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From quiet to quite a mingling maven
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“I was always quiet and often felt shy at events, meetings and even parties,” said Rosa Baez-Lopez, long-time member of the Society for Human Resource Management and vice president of HR at Clearbrook, a Chicago-area social services agency.
“I started as the receptionist for another agency and was working with Carl LaMell, the new bookkeeper, who always encouraged me. At community events and fundraisers, I’d watch him approach, greet and talk to all people regardless of their titles. He was a mentor, a teacher and, most importantly, an amazing role model. I adapted his style and ways of working a room by being friendly, respectful and open. Because he always had a smile on his face and laughed as he talked to people, he always looked like he was having fun!
“By the time he was named CEO, I was no longer the ‘quiet, sometimes shy Rosa.’ ”
While Baez-Lopez skills help the nearly 1,000 employees who serve the 7,000 special needs clients in more than 100 Chicago-area communities, her ability and comfort in working a room (mingling, if you will) has been invaluable to her career. “That ability or skill has served me well as my career grew from receptionist to personnel manager to today as VP of human resources. In fact, it’s been helpful in my personal life as well!”
According to social science research on shyness, about 90 percent of American adults self-identify as shy and about 40 percent of us claim to be introverts. And that’s across boardrooms, classrooms, associations and professions. That means that most of the people you’ll meet at any conference, party or meeting will also feel uncomfortable. So if you do, you are definitely not alone!
Working a Room Is Not Networking
Many people mistakenly dub the process of socializing in business (or mingling) as networking. Because they’re uncomfortable at the prospect of talking to people they don’t know, they denigrate such gatherings as networking, thereby potentially missing the opportunity to meet, converse and connect with a variety of people.
Here’s the proof that they are different skills: There are people in our professional lives—and our personal lives—who are wonderful, even natural, networkers. They follow up, share leads, give job referrals, offer advice and ideas, introduce us to others, call when they say they will, and do what they say they’ll do. But the thought of walking into a roomful of people, especially people they don’t know, is daunting!
On the other hand, there are people who are fabulous socializers but just don’t—or won’t—connect, follow up or stay in touch. They may know how to work a room but they are lousy networkers. We benefit both personally and professionally from having both skills.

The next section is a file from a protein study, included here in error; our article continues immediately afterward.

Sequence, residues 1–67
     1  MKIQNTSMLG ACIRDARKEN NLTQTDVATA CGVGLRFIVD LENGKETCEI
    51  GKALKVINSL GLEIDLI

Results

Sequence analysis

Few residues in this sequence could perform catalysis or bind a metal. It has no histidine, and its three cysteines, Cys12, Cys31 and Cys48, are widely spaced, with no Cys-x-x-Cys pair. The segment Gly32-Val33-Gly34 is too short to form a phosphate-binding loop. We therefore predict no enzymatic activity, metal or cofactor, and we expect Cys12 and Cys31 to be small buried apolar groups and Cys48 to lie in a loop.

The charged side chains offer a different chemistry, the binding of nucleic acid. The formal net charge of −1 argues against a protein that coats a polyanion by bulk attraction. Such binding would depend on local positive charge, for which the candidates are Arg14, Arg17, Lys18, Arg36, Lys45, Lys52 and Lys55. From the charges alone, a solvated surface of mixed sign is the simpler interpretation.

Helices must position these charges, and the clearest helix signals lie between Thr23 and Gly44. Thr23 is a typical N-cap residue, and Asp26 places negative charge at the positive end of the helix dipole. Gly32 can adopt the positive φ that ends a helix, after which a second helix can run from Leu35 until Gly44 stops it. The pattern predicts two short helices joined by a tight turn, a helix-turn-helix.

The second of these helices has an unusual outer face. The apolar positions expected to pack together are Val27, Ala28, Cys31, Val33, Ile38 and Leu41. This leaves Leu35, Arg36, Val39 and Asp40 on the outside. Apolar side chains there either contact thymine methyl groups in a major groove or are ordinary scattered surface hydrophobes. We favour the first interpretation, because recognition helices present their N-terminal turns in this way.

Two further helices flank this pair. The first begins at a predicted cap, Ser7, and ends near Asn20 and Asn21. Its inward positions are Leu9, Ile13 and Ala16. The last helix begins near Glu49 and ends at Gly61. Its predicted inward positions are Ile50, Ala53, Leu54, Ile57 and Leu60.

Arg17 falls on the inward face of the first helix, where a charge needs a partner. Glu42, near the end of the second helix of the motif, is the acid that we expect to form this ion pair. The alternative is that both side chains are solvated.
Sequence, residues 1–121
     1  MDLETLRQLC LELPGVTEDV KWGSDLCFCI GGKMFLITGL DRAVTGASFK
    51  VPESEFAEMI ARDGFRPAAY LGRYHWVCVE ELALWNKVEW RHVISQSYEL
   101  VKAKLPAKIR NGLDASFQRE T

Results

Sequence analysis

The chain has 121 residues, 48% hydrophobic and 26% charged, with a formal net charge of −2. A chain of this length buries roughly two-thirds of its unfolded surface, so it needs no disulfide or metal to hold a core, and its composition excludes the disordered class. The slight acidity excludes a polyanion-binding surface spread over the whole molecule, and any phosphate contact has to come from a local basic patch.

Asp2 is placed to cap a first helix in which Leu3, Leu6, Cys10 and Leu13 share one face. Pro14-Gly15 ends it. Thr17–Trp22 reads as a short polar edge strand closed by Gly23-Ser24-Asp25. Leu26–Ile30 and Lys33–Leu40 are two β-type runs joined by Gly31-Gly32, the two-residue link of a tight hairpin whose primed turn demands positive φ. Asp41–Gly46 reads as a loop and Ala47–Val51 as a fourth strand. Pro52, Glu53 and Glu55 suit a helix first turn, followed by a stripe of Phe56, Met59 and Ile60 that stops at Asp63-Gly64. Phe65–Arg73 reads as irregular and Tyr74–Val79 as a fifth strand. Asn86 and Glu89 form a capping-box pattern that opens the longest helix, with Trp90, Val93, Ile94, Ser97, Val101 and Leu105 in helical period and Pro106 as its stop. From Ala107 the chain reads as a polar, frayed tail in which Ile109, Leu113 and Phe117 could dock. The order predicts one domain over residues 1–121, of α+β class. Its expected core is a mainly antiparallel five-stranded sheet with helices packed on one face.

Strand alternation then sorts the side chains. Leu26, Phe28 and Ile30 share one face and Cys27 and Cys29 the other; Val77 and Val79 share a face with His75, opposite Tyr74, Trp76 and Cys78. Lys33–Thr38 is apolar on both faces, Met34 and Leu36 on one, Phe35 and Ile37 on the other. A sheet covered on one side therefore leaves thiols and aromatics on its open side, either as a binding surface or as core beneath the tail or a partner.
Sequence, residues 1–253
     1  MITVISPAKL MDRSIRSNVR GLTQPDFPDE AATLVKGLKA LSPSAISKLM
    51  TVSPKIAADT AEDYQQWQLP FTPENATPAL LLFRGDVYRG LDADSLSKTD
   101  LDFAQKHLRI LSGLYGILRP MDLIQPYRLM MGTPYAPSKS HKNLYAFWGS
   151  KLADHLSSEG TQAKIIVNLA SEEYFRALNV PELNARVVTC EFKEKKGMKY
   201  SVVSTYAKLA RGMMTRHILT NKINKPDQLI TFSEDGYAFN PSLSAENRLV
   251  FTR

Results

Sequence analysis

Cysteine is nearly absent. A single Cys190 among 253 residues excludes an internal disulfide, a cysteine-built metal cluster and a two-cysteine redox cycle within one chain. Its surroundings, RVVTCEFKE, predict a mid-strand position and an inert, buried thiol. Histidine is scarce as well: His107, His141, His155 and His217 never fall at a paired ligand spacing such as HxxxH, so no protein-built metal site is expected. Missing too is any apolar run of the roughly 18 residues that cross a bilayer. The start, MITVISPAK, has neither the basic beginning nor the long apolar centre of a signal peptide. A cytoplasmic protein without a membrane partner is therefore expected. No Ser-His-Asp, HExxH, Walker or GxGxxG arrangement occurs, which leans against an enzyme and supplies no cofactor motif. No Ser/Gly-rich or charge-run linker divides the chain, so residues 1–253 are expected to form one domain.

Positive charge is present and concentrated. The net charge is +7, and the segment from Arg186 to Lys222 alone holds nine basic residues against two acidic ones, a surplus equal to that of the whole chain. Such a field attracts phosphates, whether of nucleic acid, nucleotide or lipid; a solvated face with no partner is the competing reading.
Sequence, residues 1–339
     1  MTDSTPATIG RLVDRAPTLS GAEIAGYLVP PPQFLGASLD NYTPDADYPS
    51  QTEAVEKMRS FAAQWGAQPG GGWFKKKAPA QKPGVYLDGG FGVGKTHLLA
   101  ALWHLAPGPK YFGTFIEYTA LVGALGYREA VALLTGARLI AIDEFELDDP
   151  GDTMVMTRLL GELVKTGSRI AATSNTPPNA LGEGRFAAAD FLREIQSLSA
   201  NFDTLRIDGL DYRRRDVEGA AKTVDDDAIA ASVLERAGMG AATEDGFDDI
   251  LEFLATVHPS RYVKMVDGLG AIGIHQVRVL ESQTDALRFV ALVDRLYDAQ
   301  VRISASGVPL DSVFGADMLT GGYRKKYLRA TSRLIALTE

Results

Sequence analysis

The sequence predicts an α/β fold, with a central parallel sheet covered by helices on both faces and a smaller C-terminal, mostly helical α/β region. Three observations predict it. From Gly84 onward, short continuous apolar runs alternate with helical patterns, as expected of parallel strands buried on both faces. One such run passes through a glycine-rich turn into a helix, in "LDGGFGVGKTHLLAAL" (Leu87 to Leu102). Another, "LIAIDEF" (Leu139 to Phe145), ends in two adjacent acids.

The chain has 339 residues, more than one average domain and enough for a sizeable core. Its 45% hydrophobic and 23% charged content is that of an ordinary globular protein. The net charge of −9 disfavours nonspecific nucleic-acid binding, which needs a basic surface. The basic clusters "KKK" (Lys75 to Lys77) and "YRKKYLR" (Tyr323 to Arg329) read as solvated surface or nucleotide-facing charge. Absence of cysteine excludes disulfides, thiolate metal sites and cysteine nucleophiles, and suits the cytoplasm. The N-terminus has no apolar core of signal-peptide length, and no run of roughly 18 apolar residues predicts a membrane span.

Liza Fawcett, human resource and talent management director of the American Payroll Association, headquartered in San Antonio, learned how to work a room “as a means to connect with other like-minded professionals.” For Fawcett, the fact that she is truly interested in other people helps her establish common ground. “Being able to interact with my colleagues and other HR professionals has broadened my body of knowledge that benefits my employers and the association’s employees.”
Fawcett also finds that attending every event with the intent to connect and converse with old and new contacts has helped her career. “Because of the colleagues I’ve met at SHRM, I can pick up a phone or send an e-mail about a perplexing issue and colleagues respond with ideas and helpful solutions. Each time there’s a problem or a situation comes up, I don’t have to reinvent the wheel.” And Fawcett, in turn, is a source and resource for others.
The Gift of In-Person Connection
Something special occurs when we’re face to face with other people—whether it's in a meeting room, in the hotel lobby at a SHRM conference, a local event, at a baseball game, or at a neighbor's barbecue or birthday party. Every one of us has a story of something unplanned that happened because we sent in a RSVP and then showed up. Some call that serendipity. In New Orleans, it’s called lagniappe—that something extra that is the result—or even a reward—of being present, such as meeting someone we otherwise wouldn't have met.
Mark Shambo was the marketing director of a Chicago accounting firm when he was conducting training for accountants on his team. The team spent hours and many company dollars going to events, only to return with nothing of significance to show for the investment of time and money. “They needed to learn how to work a room,” Shambo said. He searched on the Internet and found my book, How to Work a Room: The Ultimate Guide to Making Lasting Connections—In Person and Online (HarperCollins Publishers, 2013), and then attended my presentation in Chicago.
“At the presentation I met someone who introduced me to someone else who introduced me to a CFO networking club and that has generated hundreds of thousands of dollars of revenue,” Shambo said. “The relationships I’ve forged with other members are strong, have stood the test of time, and have been professionally and personally rewarding.”